Well-dressed newscaster had 250 ties so he gave them away and wound up creating a small charity
That's how you pay it forward.
There are few jobs that require people to be as nattily dressed as a TV news anchorperson. One has to look good for the camera while also projecting professionalism and credibility.
"It's part of our uniform," Tim Pham, the morning anchor on “Up with KREM” in Spokane, Washington, told USA Today. "It's required in TV, I guess. It's not written on paper, but when you turn on the news, the viewer expects to see someone who is dressed professionally."
Having to look good every day means you accumulate quite an impressive wardrobe. Pham had a large collection of 250 ties—many of them crammed beneath his work desk—so he decided to share them with any young, up-and-coming journalists who may need one.
He put the offer out to his followers on Twitter.
\u201cYoung professionals/journalists: I am giving away some of my ties! 8 yrs ago I opened up my first paycheck in TV for a whopping $600! I worked 3 jobs just to get by, let alone buy ties for work. If you need a tie, DM me. All I ask is that you pay it forward one day. \n#PhamilyTies\u201d— Tim Pham KREM 2 (@Tim Pham KREM 2) 1647970473
"8 yrs ago I opened up my first paycheck in TV for a whopping $600! I worked 3 jobs just to get by, let alone buy ties for work," the tweet said. "If you need a tie, DM me. All I ask is that you pay it forward one day."
Pham couldn’t believe the response.
"It did reach a lot of journalists," Pham told USA Today. "But I also heard from people in different industries, recent college grads, a lot of seniors in college. Nonprofits even reached out to me. There was a jail that reached out to me asking about filling their closet for people leaving the prison system to then go find a job for an interview.”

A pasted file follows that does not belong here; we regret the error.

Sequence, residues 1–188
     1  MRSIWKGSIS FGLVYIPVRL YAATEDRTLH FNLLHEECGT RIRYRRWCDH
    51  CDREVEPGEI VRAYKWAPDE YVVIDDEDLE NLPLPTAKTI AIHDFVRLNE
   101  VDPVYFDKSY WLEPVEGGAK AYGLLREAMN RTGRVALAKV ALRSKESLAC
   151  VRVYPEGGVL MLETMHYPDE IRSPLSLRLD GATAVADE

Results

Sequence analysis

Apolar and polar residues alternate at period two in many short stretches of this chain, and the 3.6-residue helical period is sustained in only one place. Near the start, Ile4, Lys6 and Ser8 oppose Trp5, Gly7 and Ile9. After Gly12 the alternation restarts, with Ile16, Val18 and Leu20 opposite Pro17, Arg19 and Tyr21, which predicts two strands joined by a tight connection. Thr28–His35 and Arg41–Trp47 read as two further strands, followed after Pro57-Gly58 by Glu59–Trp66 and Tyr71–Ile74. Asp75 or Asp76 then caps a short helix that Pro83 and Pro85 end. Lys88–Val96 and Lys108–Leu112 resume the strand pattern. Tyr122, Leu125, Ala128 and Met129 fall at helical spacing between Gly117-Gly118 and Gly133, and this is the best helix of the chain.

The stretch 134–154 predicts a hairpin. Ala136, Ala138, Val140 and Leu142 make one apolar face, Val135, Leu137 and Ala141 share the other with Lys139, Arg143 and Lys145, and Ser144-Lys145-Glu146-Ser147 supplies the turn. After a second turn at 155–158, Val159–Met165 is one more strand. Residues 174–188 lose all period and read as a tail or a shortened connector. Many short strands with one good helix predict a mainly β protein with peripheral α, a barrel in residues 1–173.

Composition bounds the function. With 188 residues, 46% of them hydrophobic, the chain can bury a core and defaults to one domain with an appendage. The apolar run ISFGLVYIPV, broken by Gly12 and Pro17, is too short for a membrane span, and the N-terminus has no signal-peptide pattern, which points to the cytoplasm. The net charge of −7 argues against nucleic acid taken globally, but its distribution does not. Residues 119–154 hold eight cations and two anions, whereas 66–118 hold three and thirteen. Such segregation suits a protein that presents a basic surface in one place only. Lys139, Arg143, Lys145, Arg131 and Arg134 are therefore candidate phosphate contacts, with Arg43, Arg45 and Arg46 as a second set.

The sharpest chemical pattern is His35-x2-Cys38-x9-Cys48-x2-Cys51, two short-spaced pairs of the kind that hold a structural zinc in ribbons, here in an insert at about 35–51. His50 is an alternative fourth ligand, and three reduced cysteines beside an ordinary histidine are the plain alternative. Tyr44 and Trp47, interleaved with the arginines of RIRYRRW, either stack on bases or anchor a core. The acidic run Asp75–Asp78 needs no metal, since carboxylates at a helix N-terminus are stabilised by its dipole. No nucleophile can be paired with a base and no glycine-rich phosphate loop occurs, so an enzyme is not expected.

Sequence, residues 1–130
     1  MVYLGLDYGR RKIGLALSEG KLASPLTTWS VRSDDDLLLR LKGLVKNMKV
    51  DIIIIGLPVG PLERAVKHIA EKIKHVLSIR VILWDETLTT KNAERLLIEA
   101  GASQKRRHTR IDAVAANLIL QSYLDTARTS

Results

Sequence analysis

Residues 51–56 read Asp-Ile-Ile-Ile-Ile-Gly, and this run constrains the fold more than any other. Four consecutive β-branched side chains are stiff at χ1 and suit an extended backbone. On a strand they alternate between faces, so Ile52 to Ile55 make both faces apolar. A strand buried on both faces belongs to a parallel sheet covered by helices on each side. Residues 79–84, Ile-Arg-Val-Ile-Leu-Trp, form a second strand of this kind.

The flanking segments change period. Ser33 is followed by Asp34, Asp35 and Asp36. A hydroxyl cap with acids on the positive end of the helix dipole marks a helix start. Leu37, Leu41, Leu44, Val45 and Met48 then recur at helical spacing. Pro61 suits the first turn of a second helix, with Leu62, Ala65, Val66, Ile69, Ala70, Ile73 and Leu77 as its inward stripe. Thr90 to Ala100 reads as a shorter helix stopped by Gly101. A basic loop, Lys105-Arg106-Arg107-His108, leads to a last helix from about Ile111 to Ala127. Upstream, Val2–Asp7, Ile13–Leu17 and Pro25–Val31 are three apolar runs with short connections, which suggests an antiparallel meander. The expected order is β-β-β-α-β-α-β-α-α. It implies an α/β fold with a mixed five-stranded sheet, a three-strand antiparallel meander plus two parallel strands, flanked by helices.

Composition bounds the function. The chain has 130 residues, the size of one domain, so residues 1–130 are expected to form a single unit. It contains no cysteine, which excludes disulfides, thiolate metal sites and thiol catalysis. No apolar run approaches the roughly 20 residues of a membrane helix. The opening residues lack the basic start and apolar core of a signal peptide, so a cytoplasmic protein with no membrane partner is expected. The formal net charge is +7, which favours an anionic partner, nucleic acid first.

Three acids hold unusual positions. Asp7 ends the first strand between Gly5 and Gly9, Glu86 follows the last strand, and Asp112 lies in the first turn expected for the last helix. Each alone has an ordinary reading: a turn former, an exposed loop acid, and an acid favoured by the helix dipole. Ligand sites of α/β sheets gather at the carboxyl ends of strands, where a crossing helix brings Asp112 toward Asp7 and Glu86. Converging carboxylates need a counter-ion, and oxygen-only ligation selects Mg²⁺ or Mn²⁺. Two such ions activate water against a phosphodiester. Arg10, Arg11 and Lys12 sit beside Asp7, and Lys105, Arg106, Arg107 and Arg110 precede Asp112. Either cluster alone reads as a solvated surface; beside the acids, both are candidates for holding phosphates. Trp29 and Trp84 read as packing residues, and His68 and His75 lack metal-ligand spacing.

Overwhelmed by the number of requests, Pham had to figure out the logistics of sending out all of the ties and some businesses reached out to help. A laundry company said it would help wash the ties. A shipping company said it would send the ties free of charge and others reached out to donate their used ties to the cause.
Pham now calls his mini charitable organization “Phamily Ties.”
Pham told Upworthy that Phamily Ties has sent out around 100 ties and handed out more than a dozen locally in Spokane since his tweet. He hopes his tie giveaway encourages young journalists to “keep working hard” and to pursue their dreams.
“They shouldn’t be counted out from a job they are qualified for because they don’t have the means to buy a tie,” he told Upworthy. “I hope this initiative encourages others to pay it forward and help the next generation coming behind us. So many people invested in me, now it’s time to do it for someone else.”
\u201cBack in the saddle after a much needed vacation. Co-anchoring #UpWithKREM with @CProctorNews. Fun fact, Cody and I worked at competing stations in Great Falls, Montana 6 years ago. @KREM2 #GreatFallsMafia\u201d— Tim Pham KREM 2 (@Tim Pham KREM 2) 1654520127
He also believes that having the right tie can help young professionals get the confidence they need to succeed.
“A tie by itself is nothing impressive, it’s a piece of fabric stitched up,” he told Upworthy. “However, when worn, it adds more than style, it boosts confidence and shows others they are a professional. Everyone should be able to walk in this confidence and professionalism, yet the cost of ties is out of budget and not a priority for journalists who make pennies in their first job.”
As for now, Pham isn’t accepting donations but is getting his partners together for another tie drive in 2023.
“I am in the early stages of developing another giveaway next year with the help of sponsors and my company to help organize a campaign/event,” he told Upworthy.
People often deride Twitter as a place that fosters negativity and creates division in America. However, Pham’s experience is wonderful proof that there are still a lot of great people out there and that social media can bring them together to help those making their way in the world.
Way to pay it forward, Tim!
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